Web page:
My original goal was to run outside but it was cold and rainy most of the day so I ditched that idea. Instead, I found a table to sit at and work on some additional reading for later in the week. After a while, I made my way over to the classroom where the breakfast was. All of us were excited but nervous--largely from figuring out exactly how the day was to proceed. It was a pleasant day. We had a lot of opportunities to introduce and discuss who we are, learn about one another and take an initial dive into the content we had read for the day.
The instructor had a good approach to the first day. He started us off with basic introductions and then into more interactive introductions in which we had to do more than name, rank, and serial number and think about who we are--and draw it. Here is mine:
I named it the 4 F's of My Life and I honed in on the idea how how failing or feeling like a failure in my adolescent years was fundamentally changed as I moved into college and learned to frame the issue differently which lead me to find alternative narratives or means to understand myself and address the issues with myself. It was a surprisingly powerful aspect of myself that I found myself sharing with the group and a sense of vulnerability and angst definitely crept into me as I moved to present and talk about it. But it was also powerful in that it helped me to see and think about in a clear way what are some of the ways in whcih I make sense of myself and my life. For me, it helps explain why as an adult I don't fear failure but embrace it as a moment to learn something new and understand things differently.
Eventually, we delved into the discussion and the instructor proved a helpful aide in guiding and highlighting the key points through follow up questions and teasing out certain pieces. However, he did this in a friendly and conversational manner that left none of us feel insufficient or lacking, but rather just looking at the text with a different frame.
We went off to lunch, wherein we got to socialize much more and feel much more comfortable with one another. We had broken the ice, gotten to know one another more, and felt relieved to have the first session over. We began discussion strategies for sharing materials, tackling the content and communication.
The second half of the day we delved much more deeply into the readings. This included a presentation that I delivered that summarized the role of the federal government in higher education. For a first-time presentation, it did all right. I had a sense of what the instructor wanted but one never really knows until you're in the classroom. So going in blind, I was content with what I did. You can check it out below:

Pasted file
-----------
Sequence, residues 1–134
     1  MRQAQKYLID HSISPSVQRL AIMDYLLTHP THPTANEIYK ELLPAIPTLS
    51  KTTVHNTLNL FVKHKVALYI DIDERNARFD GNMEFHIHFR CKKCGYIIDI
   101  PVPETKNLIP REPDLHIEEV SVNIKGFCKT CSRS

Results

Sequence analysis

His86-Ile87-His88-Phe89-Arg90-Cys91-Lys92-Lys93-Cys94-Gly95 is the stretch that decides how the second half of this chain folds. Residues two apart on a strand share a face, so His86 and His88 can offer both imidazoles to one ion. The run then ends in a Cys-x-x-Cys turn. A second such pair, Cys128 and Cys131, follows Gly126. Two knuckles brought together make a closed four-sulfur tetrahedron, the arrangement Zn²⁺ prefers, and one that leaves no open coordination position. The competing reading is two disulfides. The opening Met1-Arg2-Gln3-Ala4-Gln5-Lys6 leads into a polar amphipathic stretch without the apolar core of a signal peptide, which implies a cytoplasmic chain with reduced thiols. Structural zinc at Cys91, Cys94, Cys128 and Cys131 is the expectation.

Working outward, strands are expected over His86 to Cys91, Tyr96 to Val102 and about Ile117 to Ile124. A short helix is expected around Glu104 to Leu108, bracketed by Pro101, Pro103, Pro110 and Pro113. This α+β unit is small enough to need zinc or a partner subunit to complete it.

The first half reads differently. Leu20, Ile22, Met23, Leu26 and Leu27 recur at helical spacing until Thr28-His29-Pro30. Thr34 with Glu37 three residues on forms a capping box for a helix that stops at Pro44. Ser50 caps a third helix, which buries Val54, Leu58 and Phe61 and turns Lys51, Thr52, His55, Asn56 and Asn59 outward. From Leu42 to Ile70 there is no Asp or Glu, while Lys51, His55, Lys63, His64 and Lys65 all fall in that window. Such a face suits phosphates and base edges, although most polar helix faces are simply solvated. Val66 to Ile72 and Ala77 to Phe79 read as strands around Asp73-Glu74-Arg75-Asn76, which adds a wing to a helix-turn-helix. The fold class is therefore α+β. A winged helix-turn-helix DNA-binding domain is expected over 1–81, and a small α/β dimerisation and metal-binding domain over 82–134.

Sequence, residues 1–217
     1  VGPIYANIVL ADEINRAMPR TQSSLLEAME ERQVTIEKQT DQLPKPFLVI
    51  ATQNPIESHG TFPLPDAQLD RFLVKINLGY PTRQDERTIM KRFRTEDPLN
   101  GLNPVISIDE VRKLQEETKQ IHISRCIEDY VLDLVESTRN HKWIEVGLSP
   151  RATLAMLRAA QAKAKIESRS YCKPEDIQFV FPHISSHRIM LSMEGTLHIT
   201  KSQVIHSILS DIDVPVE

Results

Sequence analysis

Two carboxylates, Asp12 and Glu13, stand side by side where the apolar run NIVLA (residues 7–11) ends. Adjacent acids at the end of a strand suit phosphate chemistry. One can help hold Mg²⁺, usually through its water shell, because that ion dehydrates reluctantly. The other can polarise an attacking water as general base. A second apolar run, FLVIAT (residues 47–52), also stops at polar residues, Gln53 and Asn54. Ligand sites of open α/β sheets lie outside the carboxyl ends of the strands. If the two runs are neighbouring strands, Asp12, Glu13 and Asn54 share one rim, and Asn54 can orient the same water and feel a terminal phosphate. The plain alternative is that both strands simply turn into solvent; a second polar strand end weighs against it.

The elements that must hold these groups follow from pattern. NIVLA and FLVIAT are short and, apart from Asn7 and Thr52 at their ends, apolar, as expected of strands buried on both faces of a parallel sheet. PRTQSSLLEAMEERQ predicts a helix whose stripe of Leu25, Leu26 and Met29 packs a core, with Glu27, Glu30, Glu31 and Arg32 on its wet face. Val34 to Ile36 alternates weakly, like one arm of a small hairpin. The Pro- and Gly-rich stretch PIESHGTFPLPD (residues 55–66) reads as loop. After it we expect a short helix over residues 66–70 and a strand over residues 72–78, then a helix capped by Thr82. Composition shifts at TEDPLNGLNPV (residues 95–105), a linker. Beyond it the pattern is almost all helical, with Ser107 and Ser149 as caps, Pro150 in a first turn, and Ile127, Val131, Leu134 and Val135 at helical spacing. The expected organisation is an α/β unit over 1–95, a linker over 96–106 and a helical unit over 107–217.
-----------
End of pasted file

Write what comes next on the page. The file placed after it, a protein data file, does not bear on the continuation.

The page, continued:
No College Is an Island: The Federal, State, and External Constituencies of a College from Lance Eaton
After my presentation, another classmate facilitated a discussion about the challenges of funding for students in higher education and she had us break up into groups. Now, we had been breaking into groups most of the day but it was usually with who was to the left or right of you. This time, she really shuffled us up, which I found to be a good idea in terms of moving us around and working with different people.
The day was a success. I came in excited and left with even more excitement. There's work ahead but I'm invigorated by the fact that I'm surrounded by a diverse and awesome bunch of classmates and faculty who seem quite engaged with our progress and learning. I find the content interesting and while not overwhelming, very engaging and certainly pushing me to think and process in different ways. Finally, I'm excited to be back in the world of thought. To be clear, I do lots of deep thinking at work, but the challenge of engagement here feels like my first Masters program but the big difference is that I feel I am ready to tackle this whereas I needed some significant time to adjust to the demands of that first program.
Want to catch up on my previous reflections about being in a PhD program? Check them out:
See you at the end of Week 1!
By Any Other Nerd Blog by Lance Eaton is licensed under a Creative Commons Attribution-ShareAlike 3.0 Unported License.